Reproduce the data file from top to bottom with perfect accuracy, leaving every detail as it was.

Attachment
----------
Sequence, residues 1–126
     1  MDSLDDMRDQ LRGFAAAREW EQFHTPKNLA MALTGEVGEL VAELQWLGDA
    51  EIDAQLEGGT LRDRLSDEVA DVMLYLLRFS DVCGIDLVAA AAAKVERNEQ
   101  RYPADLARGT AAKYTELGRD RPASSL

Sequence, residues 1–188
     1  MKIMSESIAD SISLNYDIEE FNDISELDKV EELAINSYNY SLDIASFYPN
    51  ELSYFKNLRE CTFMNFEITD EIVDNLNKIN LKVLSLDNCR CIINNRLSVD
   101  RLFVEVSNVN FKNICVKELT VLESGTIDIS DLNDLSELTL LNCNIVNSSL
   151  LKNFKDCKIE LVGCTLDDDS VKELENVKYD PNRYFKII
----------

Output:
Sequence, residues 1–126
     1  MDSLDDMRDQ LRGFAAAREW EQFHTPKNLA MALTGEVGEL VAELQWLGDA
    51  EIDAQLEGGT LRDRLSDEVA DVMLYLLRFS DVCGIDLVAA AAAKVERNEQ
   101  RYPADLARGT AAKYTELGRD RPASSL

Sequence, residues 1–188
     1  MKIMSESIAD SISLNYDIEE FNDISELDKV EELAINSYNY SLDIASFYPN
    51  ELSYFKNLRE CTFMNFEITD EIVDNLNKIN LKVLSLDNCR CIINNRLSVD
   101  RLFVEVSNVN FKNICVKELT VLESGTIDIS DLNDLSELTL LNCNIVNSSL
   151  LKNFKDCKIE LVGCTLDDDS VKELENVKYD PNRYFKII